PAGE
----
Friday, January 15, 2010

Seattle: 14 - 18 January

The train wound around the edges of Puget Sound, dumping its restless passengers at King Station, Seattle, around 10 a.m. on the fourteenth. "Welcome to the Emerald City, folks. The train's stopped, you must get off! Forecast calls for a high of forty-nine degrees, with scattered showers." I grabbed my pack (it weighs around 37 lbs, I learned - not too bad, but it could definitely be lighter. Maybe I should mail home some stuff.) and headed off in the direction someone told me was Pike Street.

After about a mile, I stopped to grab a coffee in the Victrola coffeehouse, on Pike, right east of Capitol Hill. Walking in looking like a wet mouse, I was met with some curious stares but nothing judging. I liked the city. The coffee was roasted on-site, and was thick and creamy even black. Victrola ended up being my favorite in the four days I was there. (Thanks to Peri D. for convincing me that black is better.)

I found the home of Nate, my host, for the weekend in short order. It was a Thursday and he was still at work, so he had left me a secret key. Once inside, I tossed my bags in the living room and went for an hour-long jog around the downtown area (the "Retail Core," the guidebooks call it). I explored Chinatown (aka the "International District") and the famously smelly and crowded waterfront as well. There was a communal garden, in a Japanese style, that had a beautiful series of steps through it. The waterfront was exciting; the smell of the breezes off the Sound were invigorating. I missed being near seas.

Seattle's downtown is the hilliest I've ever been in. From the waterfront, it is a steep, steep climb to the nearest level point. No one would ever want to pedal a bicycle up it, no matter how small the gear. For me, this was one of the most aesthetically pleasing parts about the city. For being technically just barely above sea level, the integers that make the low-lying mean are quite extreme. Seattle's ripples and folds are exciting to walk through; the crest of every hill offers something new.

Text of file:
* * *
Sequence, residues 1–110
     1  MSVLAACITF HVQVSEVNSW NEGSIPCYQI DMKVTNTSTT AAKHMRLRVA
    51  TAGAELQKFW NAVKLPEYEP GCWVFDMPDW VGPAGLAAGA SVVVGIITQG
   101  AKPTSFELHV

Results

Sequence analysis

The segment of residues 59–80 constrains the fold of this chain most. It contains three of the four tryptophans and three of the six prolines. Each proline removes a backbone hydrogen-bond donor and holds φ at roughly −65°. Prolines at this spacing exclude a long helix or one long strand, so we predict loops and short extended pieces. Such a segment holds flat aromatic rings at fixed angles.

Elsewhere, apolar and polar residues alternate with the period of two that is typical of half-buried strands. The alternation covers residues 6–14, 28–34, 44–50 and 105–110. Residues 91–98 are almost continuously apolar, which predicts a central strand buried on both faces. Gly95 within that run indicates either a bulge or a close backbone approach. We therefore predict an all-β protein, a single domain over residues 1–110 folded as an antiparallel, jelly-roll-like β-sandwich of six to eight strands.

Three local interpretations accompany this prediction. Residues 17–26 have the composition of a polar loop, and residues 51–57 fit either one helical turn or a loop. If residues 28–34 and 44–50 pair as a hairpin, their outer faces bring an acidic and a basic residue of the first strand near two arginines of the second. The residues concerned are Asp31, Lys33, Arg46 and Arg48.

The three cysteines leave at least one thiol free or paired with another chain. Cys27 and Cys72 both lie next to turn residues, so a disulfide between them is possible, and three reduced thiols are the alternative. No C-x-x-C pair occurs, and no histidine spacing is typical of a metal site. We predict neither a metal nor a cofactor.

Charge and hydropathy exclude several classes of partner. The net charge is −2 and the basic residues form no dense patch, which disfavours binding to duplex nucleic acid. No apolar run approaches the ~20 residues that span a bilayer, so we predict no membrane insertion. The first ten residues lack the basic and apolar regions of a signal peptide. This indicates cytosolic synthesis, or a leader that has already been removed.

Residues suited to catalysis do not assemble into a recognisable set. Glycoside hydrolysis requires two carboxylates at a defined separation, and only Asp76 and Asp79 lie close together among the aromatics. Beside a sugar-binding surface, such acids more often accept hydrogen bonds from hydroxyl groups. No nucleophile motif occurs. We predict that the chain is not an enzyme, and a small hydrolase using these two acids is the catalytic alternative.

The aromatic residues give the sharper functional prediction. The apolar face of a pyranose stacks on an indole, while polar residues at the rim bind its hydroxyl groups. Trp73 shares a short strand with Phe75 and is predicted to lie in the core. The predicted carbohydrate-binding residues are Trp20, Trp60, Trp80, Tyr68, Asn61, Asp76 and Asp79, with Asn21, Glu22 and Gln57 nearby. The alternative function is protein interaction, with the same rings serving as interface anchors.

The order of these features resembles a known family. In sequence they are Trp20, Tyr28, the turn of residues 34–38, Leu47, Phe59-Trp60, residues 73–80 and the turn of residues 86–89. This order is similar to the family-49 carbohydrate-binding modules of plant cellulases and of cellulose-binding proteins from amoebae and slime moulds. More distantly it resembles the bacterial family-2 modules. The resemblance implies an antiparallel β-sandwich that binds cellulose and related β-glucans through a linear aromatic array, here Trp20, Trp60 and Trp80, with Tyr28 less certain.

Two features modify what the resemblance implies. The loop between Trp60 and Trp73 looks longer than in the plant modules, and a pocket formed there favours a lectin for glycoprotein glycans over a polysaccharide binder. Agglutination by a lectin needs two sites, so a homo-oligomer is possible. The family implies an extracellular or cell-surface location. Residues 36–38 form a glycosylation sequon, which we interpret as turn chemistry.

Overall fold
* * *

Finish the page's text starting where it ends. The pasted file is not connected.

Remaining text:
That night, Nate and I went for drinks and dinner in Capitol Hill, the area which I gathered was the hippest and most happeningest in Seattle. Twenty-somethings lapped up drinks amid the rain showers. Everyone seemed to be curious about everyone else - I certainly was. Bleu's two waitresses are stellar characters, and the drink menu's to die for even if the mac and cheese is only passable; Linda's atmosphere and happy hour specials was my favorite - pub-style, with a stage just-in-case and a good brunch scene. ChaCha's crowd, activity, and layout reminded us of the Vid in Bloomington. Big Mexican tissue-paper flowers hung from the ceiling by the bar, and reddish lighting around the edges make the basement bar's dark corners ripe for imagination.

Over the four days I stayed there, I did a good bit of exploring by foot. I jogged to the Washington Park Arboretum, in Capitol Hill area. It's a really lovely oasis in a city of green; the roads to get there are mostly urban-suburban with beautiful old houses and friendly people. There were a lot of fellow joggers and dogwalkers, knolls and small churches. Walking around, I noticed a great number of bookstores and odd shops loitering behind corners and between apartment buildings. I stopped in Twice Sold Tales and the owner, an engaging and well-read woman, talked to me for twenty or so minutes about Dickens and birth control and British-Indian imperialism before I paid.

Seattle's technology industry was built on the fact that electricity there is cheap, being that it is mostly hydroelectric. Young, tech-savvy people move to the area with jobs for Microsoft; many members of the generation are transplants from other areas of the US - mostly the Midwest. The money they make and the cultural tastes they express are making Seattle legitimately cool.

The city's vibe is so much better than that of New York or Chicago. People are genuinely nice and will take the time to chat. Midwesterners I think make easy first friends. The city isn't expensive, competition isn't dire, there's space to move and breathe, and I like the camaraderie of those who live in Seattle. There's a pride associated with it, which I can see as being distasteful to some. I like it, though - it's a city to be shared.

I felt like I didn't spend enough time there; if I return I hope I can stay longer - perhaps even move there. I felt satisfied and comfortable while there - I'd love to be a part of the city.

Nate very kindly and patiently drove me to the train station the afternoon of the 18th, where I caught the 2:20 "Cascades" train to Portland.

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